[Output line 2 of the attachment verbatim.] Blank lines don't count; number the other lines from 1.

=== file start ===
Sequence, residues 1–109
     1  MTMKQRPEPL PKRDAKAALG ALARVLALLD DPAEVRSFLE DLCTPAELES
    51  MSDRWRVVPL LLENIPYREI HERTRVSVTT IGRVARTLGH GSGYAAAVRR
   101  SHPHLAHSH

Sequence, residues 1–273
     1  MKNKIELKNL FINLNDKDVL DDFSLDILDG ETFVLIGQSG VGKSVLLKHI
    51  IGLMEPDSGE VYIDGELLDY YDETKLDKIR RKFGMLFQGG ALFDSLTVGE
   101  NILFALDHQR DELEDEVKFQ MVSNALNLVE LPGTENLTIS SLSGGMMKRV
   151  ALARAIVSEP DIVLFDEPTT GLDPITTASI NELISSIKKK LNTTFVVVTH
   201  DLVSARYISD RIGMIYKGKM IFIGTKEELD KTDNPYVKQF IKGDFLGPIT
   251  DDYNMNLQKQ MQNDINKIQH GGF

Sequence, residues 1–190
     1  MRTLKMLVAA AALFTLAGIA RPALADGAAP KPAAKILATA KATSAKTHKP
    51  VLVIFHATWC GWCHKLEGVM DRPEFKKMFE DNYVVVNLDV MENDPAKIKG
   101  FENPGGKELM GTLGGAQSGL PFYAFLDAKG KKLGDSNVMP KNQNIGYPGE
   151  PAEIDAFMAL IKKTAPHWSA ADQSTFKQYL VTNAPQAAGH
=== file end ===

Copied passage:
     1  MTMKQRPEPL PKRDAKAALG ALARVLALLD DPAEVRSFLE DLCTPAELES